Israeli attack 'not a surprise' Officials, witnesses describe close calls at other U.N. posts

April 20, 1996|By Doug Struck | Doug Struck,SUN FOREIGN STAFF

QANA, Lebanon -- Israeli shells had previously hit two other United Nations posts and fallen close to U.N. convoys during the bombardment of South Lebanon before Thursday's artillery strike killed at least 75 refugees here.

Four Fijian soldiers were wounded and remain hospitalized.

Frequent targets

The U.N. soldiers at the camp were tight-lipped about the Israeli raid. But through its 18-year-history here, UNIFIL troops in Lebanon have frequently found themselves the target of Israeli force.

The current bombardment of South Lebanon, in which UNIFIL has accommodated about 7,000 refugees and tried to help thousands of others, has increased the severity of those incidents, officials say.

A U.N. post manned by Ghanaian soldiers at Sultaniyah, about 15 miles southeast of Tyre, was hit by shells early in current campaign, according to U.N. spokesman Mikael Lindvall.

The Nepalese position, at Marjdel Zun, 9 miles south of Tyre, was hit Wednesday by "three or four bombs by jets," Mr. Lindvall said.

Israelis have bombed near U.N. truck convoys marked with huge black-and-white U.N. letters, have made "mock raids" on other U.N. posts, and have shelled near a work party trying to clear a road for relief supplies, Mr. Lindvall said.

"We had about 30 shells from an Israeli 155-millimeter convoy fall within 60 meters of our convoy," said Capt. Robert Corbet, an Irish peacekeeper whose seven-vehicle relief convoy was halted by shelling in southern Lebanon Monday.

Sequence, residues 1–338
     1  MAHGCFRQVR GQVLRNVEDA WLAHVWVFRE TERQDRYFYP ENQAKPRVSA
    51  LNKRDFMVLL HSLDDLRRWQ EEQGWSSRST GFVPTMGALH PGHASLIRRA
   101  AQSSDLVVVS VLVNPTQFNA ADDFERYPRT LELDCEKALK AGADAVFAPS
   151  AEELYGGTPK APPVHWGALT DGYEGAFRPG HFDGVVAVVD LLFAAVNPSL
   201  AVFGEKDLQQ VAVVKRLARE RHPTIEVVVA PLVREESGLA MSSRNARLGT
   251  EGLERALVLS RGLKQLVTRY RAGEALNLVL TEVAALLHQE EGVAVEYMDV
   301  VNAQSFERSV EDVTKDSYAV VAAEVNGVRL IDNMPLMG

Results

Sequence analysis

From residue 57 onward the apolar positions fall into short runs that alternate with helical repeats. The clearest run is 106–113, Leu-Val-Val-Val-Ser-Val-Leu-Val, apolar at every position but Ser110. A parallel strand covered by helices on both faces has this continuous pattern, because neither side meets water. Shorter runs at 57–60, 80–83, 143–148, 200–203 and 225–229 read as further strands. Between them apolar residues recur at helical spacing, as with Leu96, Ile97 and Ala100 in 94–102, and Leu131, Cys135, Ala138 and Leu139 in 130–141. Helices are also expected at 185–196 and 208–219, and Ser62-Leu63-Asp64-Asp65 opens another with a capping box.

"We had to turn back. We tried three more times, and they stopped us."

Daed Dor, 24, said she was in the Marjdel Zun camp when it was bombed by Israeli jets.

"When we came out of the shelter, everything had been destroyed," she said. "We were without water or electricity for two days."

'We warned civilians'

Israeli Chief of Staff Amnon Shahak on Thursday defended the use of shelling near either U.N. or civilian positions in South Lebanon. He said Hezbollah guerrillas use both as a shield, and said Israel will not be discouraged from attacking.

"We warned civilians to stay away from Hezbollah terrorists," he said this week.

Israeli officials note that the U.N. soldiers have bomb shelters. The thousands of civilians who flocked to many of the 70 U.N. posts because of the current bombardment cannot fit in the shelters.

"I find it surprising so many civilians [were at Qana] without adequate shelters," General Shahak said.

Israeli officials have said the Qana casualties were an unfortunate result of civilians being too close to guerrilla targets.

U.N. officials say they try to move Hezbollah away from the camps when they are seen to be firing Katyushas nearby. A Fijian officer was shot in the side this week when he argued with Hezbollah to get them to move away from a post.

Mr. Lindvall said the U.N. immediately radios Israel and fires red flares whenever shelling comes close to one of its posts.

In the case of Qana, "the firing continued a few hours after our Operations Room called the Israelis, and after we fired a red flare," he said.

Capt. Corbet noted that the Israeli gunners, who have positions overlooking the area, should be well aware of the exact positions of the U.N. camps.

"Those camps haven't moved in 18 years," he said.

Pub Date: 4/20/96

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